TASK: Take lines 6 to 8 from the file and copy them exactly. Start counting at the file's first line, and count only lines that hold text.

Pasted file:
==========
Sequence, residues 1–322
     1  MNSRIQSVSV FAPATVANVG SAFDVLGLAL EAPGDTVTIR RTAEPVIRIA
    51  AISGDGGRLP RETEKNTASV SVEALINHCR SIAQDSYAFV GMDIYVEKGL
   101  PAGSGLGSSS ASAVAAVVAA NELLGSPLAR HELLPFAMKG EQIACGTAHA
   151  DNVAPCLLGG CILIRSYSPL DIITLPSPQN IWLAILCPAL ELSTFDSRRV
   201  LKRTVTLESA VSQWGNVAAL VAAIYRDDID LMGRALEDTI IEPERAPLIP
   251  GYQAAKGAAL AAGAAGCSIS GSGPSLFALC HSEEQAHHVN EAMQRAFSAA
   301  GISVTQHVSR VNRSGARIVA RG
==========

   201  LKRTVTLESA VSQWGNVAAL VAAIYRDDID LMGRALEDTI IEPERAPLIP
   251  GYQAAKGAAL AAGAAGCSIS GSGPSLFALC HSEEQAHHVN EAMQRAFSAA
   301  GISVTQHVSR VNRSGARIVA RG